A fairly cheap but effective black backdrop I bought from AliExpress

I'm not sure many people would be interested in this but I'm trying to make some poxy instructional videos for YouTube (they take so long to make) and I wanted a black backdrop. At first I thought any old black fabric would do but I noticed black fabrics often aren't all that black. 

Ideally, you'd maintain a lot of distance between the backdrop and the subject in which case you can even make a white backdrop look black but that's not possible in the confines of my living room. The best black fabric is supposedly black velvet sold specifically for use in photography/theatres but that stuff is hideously expensive.

I took a chance on this stuff for £12 per 3mx1.5m piece. I'm not sure exactly how long it took to arrive. It's normal to take between two and four weeks but I wasn't desperate for it so I didn't notice.

The main drawback is that its only available in pieces 1.5m wide. It's easy enough to put two pieces side-by-side with the edges folded back to hide the back and selvedge which is shiny. It will also let light through from behind so you can't use it in front of a window without additional fabric (curtains?) to block the light.

I've prepared some photos of side-by-side. They were taken with my Samsung Galaxy S5 in some automatic mode. Having a white pieces of paper in frame adjusted the exposure as you're probably already familiar with. Apart from my phone I have a Panasonic HDC-SD60 which has automatic and manual settings so I could take these again if I did it badly this time. I have no conflict of interest here: I get nothing out of sales of this fabric; I just thought others would appreciate cheap black backdrops and I spent a lot of time perusing forums and listings to come to this choice.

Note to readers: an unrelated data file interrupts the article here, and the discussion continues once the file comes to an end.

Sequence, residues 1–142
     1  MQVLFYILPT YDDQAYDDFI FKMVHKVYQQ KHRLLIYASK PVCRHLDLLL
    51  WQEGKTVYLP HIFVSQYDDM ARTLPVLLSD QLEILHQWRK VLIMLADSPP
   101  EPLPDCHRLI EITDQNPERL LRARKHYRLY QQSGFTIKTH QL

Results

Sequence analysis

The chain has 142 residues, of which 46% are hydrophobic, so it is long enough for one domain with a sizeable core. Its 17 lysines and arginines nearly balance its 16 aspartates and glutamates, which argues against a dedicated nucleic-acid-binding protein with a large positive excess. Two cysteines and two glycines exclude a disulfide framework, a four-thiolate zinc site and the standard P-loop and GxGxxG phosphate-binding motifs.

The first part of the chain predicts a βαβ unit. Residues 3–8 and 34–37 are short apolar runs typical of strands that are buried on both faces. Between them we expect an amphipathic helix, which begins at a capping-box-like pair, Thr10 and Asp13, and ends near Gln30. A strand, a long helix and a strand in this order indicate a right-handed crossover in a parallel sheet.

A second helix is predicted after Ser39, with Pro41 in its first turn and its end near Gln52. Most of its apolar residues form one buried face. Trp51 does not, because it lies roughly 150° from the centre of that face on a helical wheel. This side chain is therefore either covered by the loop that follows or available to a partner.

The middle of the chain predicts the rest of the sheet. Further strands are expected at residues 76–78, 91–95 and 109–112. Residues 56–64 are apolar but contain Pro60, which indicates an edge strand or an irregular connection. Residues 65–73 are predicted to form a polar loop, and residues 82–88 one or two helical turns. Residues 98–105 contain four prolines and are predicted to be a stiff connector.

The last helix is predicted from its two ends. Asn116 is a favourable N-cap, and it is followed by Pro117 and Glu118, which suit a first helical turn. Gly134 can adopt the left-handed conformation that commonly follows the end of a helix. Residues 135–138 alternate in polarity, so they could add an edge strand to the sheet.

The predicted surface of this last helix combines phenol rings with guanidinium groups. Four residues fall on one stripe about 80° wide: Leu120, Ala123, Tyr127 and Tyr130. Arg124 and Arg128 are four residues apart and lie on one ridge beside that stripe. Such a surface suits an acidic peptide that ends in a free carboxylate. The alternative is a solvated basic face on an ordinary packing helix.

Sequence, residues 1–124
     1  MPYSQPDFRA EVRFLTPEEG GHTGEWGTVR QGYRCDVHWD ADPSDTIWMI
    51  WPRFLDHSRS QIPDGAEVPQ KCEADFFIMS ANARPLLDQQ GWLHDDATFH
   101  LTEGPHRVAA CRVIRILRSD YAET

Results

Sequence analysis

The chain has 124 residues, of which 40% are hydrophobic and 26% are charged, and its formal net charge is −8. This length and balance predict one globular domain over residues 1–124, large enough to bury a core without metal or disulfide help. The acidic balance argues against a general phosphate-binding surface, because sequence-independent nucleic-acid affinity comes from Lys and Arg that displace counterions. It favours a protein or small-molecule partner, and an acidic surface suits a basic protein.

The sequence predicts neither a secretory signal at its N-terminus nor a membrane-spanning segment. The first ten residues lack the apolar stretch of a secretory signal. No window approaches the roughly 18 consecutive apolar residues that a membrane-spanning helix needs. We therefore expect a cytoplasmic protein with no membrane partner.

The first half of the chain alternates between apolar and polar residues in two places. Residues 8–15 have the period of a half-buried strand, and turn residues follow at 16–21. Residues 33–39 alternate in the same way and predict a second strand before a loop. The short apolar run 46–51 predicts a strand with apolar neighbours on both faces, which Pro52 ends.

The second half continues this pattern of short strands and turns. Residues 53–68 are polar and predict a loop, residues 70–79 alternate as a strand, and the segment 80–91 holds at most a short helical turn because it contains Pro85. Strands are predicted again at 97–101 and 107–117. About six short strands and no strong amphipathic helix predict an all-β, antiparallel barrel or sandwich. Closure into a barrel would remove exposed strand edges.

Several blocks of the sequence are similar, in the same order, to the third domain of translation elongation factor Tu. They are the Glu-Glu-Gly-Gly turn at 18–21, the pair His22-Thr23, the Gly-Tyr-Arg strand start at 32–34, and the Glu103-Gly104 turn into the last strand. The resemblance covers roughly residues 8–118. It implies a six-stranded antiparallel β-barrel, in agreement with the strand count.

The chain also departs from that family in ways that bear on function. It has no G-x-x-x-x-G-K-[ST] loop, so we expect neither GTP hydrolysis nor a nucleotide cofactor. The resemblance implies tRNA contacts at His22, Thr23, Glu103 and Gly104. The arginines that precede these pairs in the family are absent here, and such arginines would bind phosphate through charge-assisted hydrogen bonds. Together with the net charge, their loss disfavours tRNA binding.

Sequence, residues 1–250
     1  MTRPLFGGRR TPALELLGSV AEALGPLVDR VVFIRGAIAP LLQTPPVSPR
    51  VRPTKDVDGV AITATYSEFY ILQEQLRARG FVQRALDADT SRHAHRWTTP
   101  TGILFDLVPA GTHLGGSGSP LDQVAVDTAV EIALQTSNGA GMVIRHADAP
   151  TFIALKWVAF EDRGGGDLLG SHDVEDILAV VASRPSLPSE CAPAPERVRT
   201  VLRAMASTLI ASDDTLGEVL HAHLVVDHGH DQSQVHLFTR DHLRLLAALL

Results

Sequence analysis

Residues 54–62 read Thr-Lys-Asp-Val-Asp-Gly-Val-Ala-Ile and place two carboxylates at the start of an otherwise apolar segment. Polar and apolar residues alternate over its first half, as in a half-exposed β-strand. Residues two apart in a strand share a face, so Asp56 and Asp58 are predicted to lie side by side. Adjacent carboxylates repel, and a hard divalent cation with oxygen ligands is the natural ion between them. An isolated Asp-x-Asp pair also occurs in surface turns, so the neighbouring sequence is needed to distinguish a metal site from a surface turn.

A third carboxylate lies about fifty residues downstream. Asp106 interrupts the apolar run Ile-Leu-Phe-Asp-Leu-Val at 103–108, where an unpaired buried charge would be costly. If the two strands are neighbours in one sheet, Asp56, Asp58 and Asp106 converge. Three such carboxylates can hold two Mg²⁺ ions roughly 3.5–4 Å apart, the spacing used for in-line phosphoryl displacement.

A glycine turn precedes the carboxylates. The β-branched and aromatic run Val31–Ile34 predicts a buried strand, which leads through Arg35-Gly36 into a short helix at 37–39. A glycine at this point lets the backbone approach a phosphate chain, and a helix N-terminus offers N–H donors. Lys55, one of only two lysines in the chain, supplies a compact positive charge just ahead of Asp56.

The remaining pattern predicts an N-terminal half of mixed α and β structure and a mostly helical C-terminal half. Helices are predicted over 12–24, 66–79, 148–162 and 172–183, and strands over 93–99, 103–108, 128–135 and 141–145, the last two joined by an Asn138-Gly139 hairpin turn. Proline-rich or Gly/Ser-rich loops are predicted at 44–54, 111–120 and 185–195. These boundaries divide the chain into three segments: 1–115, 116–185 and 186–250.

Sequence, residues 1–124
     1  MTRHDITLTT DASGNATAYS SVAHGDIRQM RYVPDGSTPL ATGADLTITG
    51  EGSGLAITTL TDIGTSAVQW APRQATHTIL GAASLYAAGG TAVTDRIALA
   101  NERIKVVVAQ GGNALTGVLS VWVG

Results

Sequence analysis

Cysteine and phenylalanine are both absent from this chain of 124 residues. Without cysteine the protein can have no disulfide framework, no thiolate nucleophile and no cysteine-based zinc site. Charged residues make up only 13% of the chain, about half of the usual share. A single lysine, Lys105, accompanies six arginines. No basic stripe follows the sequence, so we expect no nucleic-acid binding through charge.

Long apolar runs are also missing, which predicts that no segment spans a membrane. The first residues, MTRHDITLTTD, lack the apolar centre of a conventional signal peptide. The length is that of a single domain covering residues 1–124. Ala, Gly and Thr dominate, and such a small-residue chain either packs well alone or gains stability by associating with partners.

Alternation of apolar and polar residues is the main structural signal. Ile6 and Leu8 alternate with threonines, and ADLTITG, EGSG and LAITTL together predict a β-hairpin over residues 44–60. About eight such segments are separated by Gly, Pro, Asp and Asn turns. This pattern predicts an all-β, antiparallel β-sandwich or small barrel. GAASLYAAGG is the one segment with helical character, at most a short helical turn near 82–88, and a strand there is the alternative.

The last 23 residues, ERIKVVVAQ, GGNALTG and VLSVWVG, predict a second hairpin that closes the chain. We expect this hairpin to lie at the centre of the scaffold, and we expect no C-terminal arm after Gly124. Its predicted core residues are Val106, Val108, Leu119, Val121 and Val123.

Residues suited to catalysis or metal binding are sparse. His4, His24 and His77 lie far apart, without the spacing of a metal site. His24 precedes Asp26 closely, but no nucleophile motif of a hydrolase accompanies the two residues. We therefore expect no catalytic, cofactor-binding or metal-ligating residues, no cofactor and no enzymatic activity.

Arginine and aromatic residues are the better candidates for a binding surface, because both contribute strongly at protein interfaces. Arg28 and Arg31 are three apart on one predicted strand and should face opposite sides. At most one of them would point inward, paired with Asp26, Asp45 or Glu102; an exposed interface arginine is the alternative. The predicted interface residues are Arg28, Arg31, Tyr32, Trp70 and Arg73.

http://imgur.com/rRn7MBQ.png

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Comments

  • Triem23Triem23 Moderator

    Looks pretty dark. ;) 

  • @THX1139  Well, there certainly is a visible difference there.  If you were needing black, I would say the backdrop might be worth the extra there.  I have a 9x11 green backdrop that I use mostly and, like you mentioned, two pieces of black crushed velvet I caught on clearance at the end of bolt that I have "stitched" together with safety pins but I've only had limited success with that.  I think if I ever rally need black for anything I'll run it through a machine and make that seam permanent.  I wonder if an indirect light on would make that contrast there any better in your fourth example?

  • edited July 19

    tddavis  I'm not really sure what you mean; you think I should bounce the light off the ceiling or something?

     

    Incidentally, if anyone wants to paint a solid backdrop (e.g. a wall) black then this is the best paint I've found but I haven't tried it (at £12 for 150 ml, it would be expensive to cover a wall). It's an acrylic paint and not really suitable for fabrics. It claims to be the next best thing to Vantablack which is a fancy nanotube coating that's fragile and super expensive and the blackest black there ever was.

  • @THX1139  That's sort of what I was wondering about.  My typing dropped a few words there my apologies. Either bounce off the ceiling or maybe white poster board set up like bounce cards to cut down on the harshness of the light on the black backdrop. but still light your subjects in front.  But that's just an uneducated thought. You have done the experiments so far so you are ahead of me there.